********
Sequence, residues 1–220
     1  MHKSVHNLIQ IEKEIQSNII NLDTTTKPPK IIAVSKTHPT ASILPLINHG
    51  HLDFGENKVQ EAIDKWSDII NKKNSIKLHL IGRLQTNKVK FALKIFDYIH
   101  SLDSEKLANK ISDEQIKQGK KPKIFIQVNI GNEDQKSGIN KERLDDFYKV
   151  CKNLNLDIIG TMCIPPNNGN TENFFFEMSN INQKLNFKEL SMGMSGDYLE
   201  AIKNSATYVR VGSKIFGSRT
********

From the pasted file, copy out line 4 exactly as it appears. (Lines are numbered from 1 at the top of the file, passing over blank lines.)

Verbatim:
   101  SLDSEKLANK ISDEQIKQGK KPKIFIQVNI GNEDQKSGIN KERLDDFYKV